Since the launch of the Glitter Cat Barista Boot Camp in 2018, Eric J. Grimm has been working with US coffee professionals outside of the competition arena to empower them in the workplace. Grimm explains why the HR function is essential for both staff and employers wishing to create pathways to inclusive opportunities in coffee businesses – and that accountability is the key to success
The Glitter Cat Barista Boot Camp is a barista training programme focused on providing opportunities and skills to members of marginalised communities | Photo credit: Glitter Cat Barista
As Director of Positive Outcomes at Glitter Cat Barista I work to support marginalised workers in the coffee industry, including the LGBTQIA community, people of colour, neurodivergent and disabled people and people of marginalised gender.
Many of these people have been held back in various ways, not just in coffee industry competitions, but in their own professional pursuits.
Since launching the Glitter Cat Barista Boot Camp in 2018, a barista training programme focused on providing opportunities and skills to members of marginalised communities, we’ve connected with so many brilliant talents in the coffee world.
Yet, so many of these talents tell us that joining the programme was the first time they’d been taken seriously in their entire career.
We heard stories of people asking their supervisors to take their role to the next level or wanting to learn more about coffee simply to be told that they hadn’t paid their dues or that they needed more experience.
There are many roadblocks in the way of marginalised coffee professionals and often there is no clear way to make it past those barriers.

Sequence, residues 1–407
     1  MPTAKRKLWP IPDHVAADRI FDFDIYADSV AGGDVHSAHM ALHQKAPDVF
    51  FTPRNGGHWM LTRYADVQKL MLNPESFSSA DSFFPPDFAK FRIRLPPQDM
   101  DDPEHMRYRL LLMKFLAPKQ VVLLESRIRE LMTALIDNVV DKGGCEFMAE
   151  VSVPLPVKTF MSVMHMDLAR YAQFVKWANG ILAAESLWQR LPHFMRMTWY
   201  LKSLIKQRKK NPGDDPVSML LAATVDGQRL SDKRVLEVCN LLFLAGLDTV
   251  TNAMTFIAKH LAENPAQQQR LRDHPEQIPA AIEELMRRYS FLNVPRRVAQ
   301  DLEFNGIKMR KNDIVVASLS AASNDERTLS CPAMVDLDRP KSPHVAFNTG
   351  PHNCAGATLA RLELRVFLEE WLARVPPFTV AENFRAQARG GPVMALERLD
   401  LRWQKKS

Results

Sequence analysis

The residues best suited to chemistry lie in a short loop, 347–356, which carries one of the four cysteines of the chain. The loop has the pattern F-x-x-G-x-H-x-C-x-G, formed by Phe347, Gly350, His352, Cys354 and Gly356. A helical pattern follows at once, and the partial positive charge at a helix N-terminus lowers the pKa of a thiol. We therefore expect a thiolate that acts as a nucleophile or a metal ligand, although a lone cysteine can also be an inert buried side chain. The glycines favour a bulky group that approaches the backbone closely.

Initially, a lot of my work was helping people work through their imposter syndrome. We encouraged people to be the most authentic version of themselves, to network with others who could help their career trajectories and improve their competition performance. More recently, we’ve also expanded our HR programme to go beyond competitions and into workplaces.
HR is key to ensuring workplace anti-discriminatory polices are effective
In June 2020 it felt like the US was on fire. There was a major national reckoning with systemic racism, historical oppression, and the ways we discuss race.
During that time many coffee companies, particularly in the US, issued statements attempting to address missteps with the treatment of their black employees. There were many lofty promises and pledges to tackle racism – but for the most part these were vague, and we didn’t see measures put in place to ensure accountability.
Initially, Glitter Cat discussed setting up a project that would provide a framework of commitments for businesses to sign up to. However, as we explored the concept we realised that didn’t go far enough.
The core of the issue is that even if coffee companies have anti-racism policies in place, they often don’t go far enough to protect marginalised people. That means staff, but also marginalised customers too.
Once we decided that we would work with coffee businesses to establish anti-racist policies, we discovered that human resources (HR) is the key to implementation but that the function is missing from most small businesses.
We recognise that it’s difficult for smaller businesses with fewer than 100 employees to have a HR function beyond the owner and that’s why we decided to get HR-certified. I applied for an accredited certification to become an associate professional in human resources and after 10 weeks of classes and passing a 300-question test, here I am on the other side.
Since then, I have worked with coffee businesses in the US to develop forward thinking company policies.